Opinion: A "3D printed" villa from China. Perfect for Florida swampland?
By Steve Payne
The hype about “3D printing” has hit our industry.
Well, it has in China, anyway.
Less than a year after the first “3D printed” houses were unveiled in Shanghai, it seems that those were only “small” examples of this new technology (about 2,000 sq.ft. each).
Now, the same company, Shanghai WinSun Decoration Design Engineering Co., has unveiled a villa, and an apartment building, that it “printed” from the concrete-hybrid-squirting jet nozzles in its “printer.”
Some printer. This thing is 150 metres long, 10 metres wide, and 6.6 metres tall!
The concrete-hybrid material that forms these incredible structures (I use the world incredible advisedly – this stuff is monumentally not credible as a business opportunity) is made of “recycled construction waste, glass fiber, steel, cement and ‘special additives.’ ”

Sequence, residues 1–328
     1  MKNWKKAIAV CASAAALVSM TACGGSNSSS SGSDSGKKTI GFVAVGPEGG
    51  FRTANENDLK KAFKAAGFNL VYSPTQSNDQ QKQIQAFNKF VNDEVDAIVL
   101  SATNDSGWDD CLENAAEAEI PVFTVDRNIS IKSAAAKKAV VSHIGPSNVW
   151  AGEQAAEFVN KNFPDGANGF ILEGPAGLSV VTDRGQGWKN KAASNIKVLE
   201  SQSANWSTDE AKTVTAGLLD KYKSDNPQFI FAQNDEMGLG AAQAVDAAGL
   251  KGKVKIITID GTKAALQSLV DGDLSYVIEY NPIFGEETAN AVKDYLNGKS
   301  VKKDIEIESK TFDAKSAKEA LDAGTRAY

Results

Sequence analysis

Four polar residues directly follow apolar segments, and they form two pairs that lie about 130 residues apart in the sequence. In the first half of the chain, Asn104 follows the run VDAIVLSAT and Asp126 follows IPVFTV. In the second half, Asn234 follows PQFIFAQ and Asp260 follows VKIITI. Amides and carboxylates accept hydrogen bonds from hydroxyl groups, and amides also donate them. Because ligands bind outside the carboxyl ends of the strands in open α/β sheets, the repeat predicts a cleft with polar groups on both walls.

This strange “ink” being Chinese, of course, and having such a high element of “waste” material in it, you don’t think there are health hazards, do you? No, neither do I. Nah. Don’t worry about it.
The villa pictured “cost,” according to WinSun, $161,000 US.
I don’t believe that either. The actual cost, given the technology investments over a decade, has to be astronomical.
But this was all announced at a press conference featuring interested investors. And pumped out onto the internet for everyone to, as we have (guilty!), repost and link to and forward and embed, etc.
I am hoping that these 3D printed houses come with 3D printed pontoons to stop them sinking into the 3D Florida marshland that is the only conceivable place they would seem appropriate here in North America.
If you think I’m being too cynical, read the online propaganda here.
Comments welcome. No WinSun LoseSun jokes. I already thought of that one.